The New York Times
By SALLY SINGER
February 17, 2012
On a blustery weekend afternoon, I am sitting in the living room of Lara Logan’
s house in a leafy neighborhood in Washington, D.C., waiting for the CBS reporter to come home from the office. From my perch on a leather sectional sofa, I can see a plastic children’s fort in the garden; hear the creak of the front porch swing; marvel at the length of wooden train track snaking across the floor; peruse a guide to world armies; sip a cup of Nescafé with Coffee-mate. Also anticipating Logan’s arrival are her husband, Joseph Burkett, a work-at-home Congressional liaison, who is doing what all work-at-home dads do, i.e. strategically skirting past areas populated by children; Joseph and Lola, ages 3 and nearly 2, in pj’s and pacifiers, just up from their naps and on the prowl for snacks; and Ruby, the nanny, installed at the kitchen table from which she can attend to everyone’s needs with minimal motion. Logan, a “60 Minutes” correspondent, is now 90 minutes late, but one gets the sense from Burkett’s periodic updates (“she’s just been held up, leaving soon”) that a long office stint on a weekend is not out of the ordinary. When she eventually arrives — in flat boots and skinny fleece, looking freckled, tousled, sporty — she is greeted by the siege on Mommy, an attack of love and neediness all working mothers know too well. “I don’t think about career ambition,” she tells me later. “I don’t think about access. I think about how fast can I get home. That’s it.”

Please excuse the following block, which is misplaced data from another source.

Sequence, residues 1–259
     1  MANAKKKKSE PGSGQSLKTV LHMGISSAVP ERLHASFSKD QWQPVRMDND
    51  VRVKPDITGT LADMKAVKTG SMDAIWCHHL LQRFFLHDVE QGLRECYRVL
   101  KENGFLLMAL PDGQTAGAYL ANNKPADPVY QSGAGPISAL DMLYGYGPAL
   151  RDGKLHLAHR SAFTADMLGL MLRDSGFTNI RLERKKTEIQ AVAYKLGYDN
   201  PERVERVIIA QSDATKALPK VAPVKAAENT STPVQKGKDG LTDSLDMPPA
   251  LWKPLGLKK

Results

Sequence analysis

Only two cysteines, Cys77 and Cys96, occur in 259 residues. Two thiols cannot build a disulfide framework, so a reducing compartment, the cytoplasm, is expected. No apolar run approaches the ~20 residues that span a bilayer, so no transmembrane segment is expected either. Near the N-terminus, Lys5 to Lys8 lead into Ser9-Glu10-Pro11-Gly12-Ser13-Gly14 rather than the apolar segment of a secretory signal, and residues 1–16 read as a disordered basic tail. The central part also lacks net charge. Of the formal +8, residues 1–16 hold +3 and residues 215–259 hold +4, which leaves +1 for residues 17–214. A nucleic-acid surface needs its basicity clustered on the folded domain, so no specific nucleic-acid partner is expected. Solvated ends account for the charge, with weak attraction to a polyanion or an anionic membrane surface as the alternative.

What it means to come home, for Lara Logan, 40, has changed dramatically in the past year. Last February, it was this house to which she returned after being attacked and sexually violated in Cairo’s Tahrir Square by members of the crowd gathered to celebrate the revolutionary end of Hosni Mubarak’s 30-year regime. She is reluctant to discuss the details of that experience again — she gave one interview to CBS last May — but it is clear that she and those close to her are still coming to terms with the ramifications of it for her family and her career. “What happened to Lara is as horrible an event as can happen to a human being,” says Jeff Fager, the chairman of CBS News.